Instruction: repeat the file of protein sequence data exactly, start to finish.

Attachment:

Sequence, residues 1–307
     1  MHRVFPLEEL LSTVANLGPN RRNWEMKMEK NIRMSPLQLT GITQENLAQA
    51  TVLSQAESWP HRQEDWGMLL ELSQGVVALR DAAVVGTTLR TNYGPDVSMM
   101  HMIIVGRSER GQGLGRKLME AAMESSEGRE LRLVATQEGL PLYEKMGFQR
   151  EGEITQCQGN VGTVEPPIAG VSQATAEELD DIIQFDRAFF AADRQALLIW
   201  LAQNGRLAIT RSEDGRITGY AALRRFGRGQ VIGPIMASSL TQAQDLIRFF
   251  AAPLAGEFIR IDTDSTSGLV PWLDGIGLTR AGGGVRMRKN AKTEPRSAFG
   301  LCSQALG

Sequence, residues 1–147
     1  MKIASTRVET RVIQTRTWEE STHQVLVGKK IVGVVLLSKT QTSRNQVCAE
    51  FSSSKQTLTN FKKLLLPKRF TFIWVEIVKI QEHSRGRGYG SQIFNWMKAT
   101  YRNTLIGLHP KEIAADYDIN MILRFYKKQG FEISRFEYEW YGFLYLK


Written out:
Sequence, residues 1–307
     1  MHRVFPLEEL LSTVANLGPN RRNWEMKMEK NIRMSPLQLT GITQENLAQA
    51  TVLSQAESWP HRQEDWGMLL ELSQGVVALR DAAVVGTTLR TNYGPDVSMM
   101  HMIIVGRSER GQGLGRKLME AAMESSEGRE LRLVATQEGL PLYEKMGFQR
   151  EGEITQCQGN VGTVEPPIAG VSQATAEELD DIIQFDRAFF AADRQALLIW
   201  LAQNGRLAIT RSEDGRITGY AALRRFGRGQ VIGPIMASSL TQAQDLIRFF
   251  AAPLAGEFIR IDTDSTSGLV PWLDGIGLTR AGGGVRMRKN AKTEPRSAFG
   301  LCSQALG

Sequence, residues 1–147
     1  MKIASTRVET RVIQTRTWEE STHQVLVGKK IVGVVLLSKT QTSRNQVCAE
    51  FSSSKQTLTN FKKLLLPKRF TFIWVEIVKI QEHSRGRGYG SQIFNWMKAT
   101  YRNTLIGLHP KEIAADYDIN MILRFYKKQG FEISRFEYEW YGFLYLK